Anarchy in the IE: Love/Hate, Chaos and Coincidence

I am currently reading John Higg’s excellent “The KLF: Chaos, Magic and the Band Who Burned A Million Pounds”. It’s far from your standard music biography, as it spins off into discussions of philosophy, magic, neuroscience, Carl Jung and Doctor Who (amongst many other things). One of the main themes throughout the book is that reality is composed of a series of coincidences, and that we attempt to prescribe meaning or order to these chaotic happenings in order to make sense of them. It uses the example of the JFK assassination to make this point. By sifting through the tonnes of data and information surrounding the killing, conspiracy theorists have been able to find connections that help them build a series of events that explain what happened. But Biggs stresses that for the most part these are simply coincidences, nothing more.

I put the book down on Sunday evening to watch the series finale of “Love/Hate”. “Love/Hate” has grown from being a relatively unknown show, more watched out of morbid curiosity due to its earlier ‘cringe’ factor, to being a genuine cultural phenomenon. This maturation happened during the third series, where the show came into its own. I should stress: I enjoy watching “Love/Hate”, I think it’s well made, and excellently acted. But all along something has been nagging me about it, and the series finale cemented it for me. “Love/Hate” is completely chaotic.

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She’s going into a drawer handle

In a nice little bit of good timing, I watched an episode of Twin Peaks last night that features an (in)famous scene, that was then referenced in this review of a recent Twin Peaks retrospective in the U.S. published today.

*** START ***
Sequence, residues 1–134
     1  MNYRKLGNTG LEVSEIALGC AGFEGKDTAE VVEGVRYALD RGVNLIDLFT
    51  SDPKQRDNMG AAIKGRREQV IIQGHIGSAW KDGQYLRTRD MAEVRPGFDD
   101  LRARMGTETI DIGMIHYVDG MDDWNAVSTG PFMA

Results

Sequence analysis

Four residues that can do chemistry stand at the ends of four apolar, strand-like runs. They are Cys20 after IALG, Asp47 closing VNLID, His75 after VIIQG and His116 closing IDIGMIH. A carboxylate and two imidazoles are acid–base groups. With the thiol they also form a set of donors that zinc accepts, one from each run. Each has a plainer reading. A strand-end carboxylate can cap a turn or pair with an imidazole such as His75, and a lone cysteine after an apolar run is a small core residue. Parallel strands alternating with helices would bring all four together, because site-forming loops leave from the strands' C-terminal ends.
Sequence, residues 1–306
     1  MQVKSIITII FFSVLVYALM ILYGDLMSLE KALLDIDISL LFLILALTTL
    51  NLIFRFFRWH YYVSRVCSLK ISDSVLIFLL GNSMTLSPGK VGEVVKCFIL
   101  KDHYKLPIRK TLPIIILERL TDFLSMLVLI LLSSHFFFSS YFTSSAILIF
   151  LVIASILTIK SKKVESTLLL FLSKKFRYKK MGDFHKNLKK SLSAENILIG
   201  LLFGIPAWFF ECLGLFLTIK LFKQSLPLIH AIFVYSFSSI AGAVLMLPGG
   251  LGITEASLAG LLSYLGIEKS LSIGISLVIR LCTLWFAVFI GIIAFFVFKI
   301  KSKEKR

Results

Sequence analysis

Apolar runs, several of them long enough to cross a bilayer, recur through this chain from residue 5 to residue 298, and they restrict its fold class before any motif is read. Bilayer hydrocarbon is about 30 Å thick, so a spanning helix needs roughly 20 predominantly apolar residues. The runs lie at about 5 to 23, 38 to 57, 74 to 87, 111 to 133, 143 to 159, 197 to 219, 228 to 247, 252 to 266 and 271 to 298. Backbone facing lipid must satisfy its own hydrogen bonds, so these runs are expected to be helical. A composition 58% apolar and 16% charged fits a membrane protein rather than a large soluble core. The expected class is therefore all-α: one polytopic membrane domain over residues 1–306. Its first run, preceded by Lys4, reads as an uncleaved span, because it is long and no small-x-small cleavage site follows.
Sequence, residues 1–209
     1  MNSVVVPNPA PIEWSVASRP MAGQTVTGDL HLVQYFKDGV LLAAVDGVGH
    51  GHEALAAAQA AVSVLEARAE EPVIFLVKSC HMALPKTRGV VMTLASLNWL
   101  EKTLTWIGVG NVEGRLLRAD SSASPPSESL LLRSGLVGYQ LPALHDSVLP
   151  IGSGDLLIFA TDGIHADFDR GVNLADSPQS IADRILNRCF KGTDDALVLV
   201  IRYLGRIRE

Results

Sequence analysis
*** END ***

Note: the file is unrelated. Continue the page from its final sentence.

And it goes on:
(Slight spoiler)

Another bizarre moment in the show occurred as a result of a discussion between Frost and Lynch regarding Josie Packard’s future. Lynch said, “I don’t think she’s going to go back to Hong Kong. She’s going into a drawer handle.” Yep. And, that’s exactly what happened. It is probably the weirdest moment in “Twin Peaks” history — Josie’s screaming head lodged in Douglas fir.

It Is Happening Again: Twin Peaks Season Two (Part 1)

In my previous post about Twin Peaks, I remarked that the passage of time sometimes has the effect of reflecting the past through the flattering lens of nostalgia, but that Twin Peaks has remained a genuine curio of delights. In a similar manner, the passage of time also allows certain opinions to become widely accepted without much questioning. For instance, it is often said that whilst season one of Twin Peaks was a wildly original and entertaining series, the second season with the departure of David Lynch from day to day production and the revelation of Laura Palmer’s killer, was a pale imitation of the first. This is only true in part – indeed, it really applies to the _second half_ of season two. In retrospect, you can draw a clear line halfway through season two as a result.

Spoilers ahoy

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